I was in a coffin.
I felt them then. Thousands of tiny legs suddenly swarming me. Spiders. Scuttling through my hair and underneath my clothes. I felt maggots burrowing to my bones, growing fat from my flesh. I tried to call out, to scream that I was not dead, but as I opened my mouth, the spiders rushed in the gap and forced their way down my throat, suffocating my scream before it had even left my lips. I woke up the next day with a searing pain on my neck. I had scratched my throat raw in my sleep. The pain was tremendous, but it was nothing compared to the stinging on my palms. On inspection, I found them pierced with dozens of splinters.
My granny has been in the home for as long as I could remember. The stroke had taken much of her, and a few years later, dementia arrived to claim the rest. The dayroom was brightly lit and smelled of disinfectant and second-hand shops. Granny was sitting by the bay window.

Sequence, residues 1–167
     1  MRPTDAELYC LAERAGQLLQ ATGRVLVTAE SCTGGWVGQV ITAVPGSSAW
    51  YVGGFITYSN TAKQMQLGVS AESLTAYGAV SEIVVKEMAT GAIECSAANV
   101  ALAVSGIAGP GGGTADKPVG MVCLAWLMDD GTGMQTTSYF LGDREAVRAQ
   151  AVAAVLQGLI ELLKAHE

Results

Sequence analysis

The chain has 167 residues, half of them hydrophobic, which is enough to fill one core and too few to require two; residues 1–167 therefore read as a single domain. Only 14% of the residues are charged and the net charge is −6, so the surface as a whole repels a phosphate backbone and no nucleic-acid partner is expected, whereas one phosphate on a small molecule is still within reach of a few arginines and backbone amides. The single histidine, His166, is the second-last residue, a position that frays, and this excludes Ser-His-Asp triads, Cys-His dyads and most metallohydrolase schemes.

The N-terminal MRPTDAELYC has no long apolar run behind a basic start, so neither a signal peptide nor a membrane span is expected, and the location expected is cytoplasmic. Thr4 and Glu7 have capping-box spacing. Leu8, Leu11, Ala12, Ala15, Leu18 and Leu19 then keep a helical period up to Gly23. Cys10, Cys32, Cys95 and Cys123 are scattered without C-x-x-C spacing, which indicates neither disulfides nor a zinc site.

“Granny,” I said, “It’s Jessica.“
My grandmother turned to me and smiled, although that was no guarantee that she remembered who I was.
“Oh Jessica,” she said, ‘you’ve brought a friend to see me.“
My blood ran cold. The shadow was lurking behind me.
“Yes,” I said, “problem is granny, I don’t know what she wants.”
Granny looked over my shoulder.
“She’s very sad,” said granny, “poor girl. She wants you to help her, so she won’t be sad anymore.“
“How do I do that?”
Granny looked over my shoulder once again.
“She says she’ll show you if you follow her.”
“Sure,” said granny, ‘that’s what friends are for.”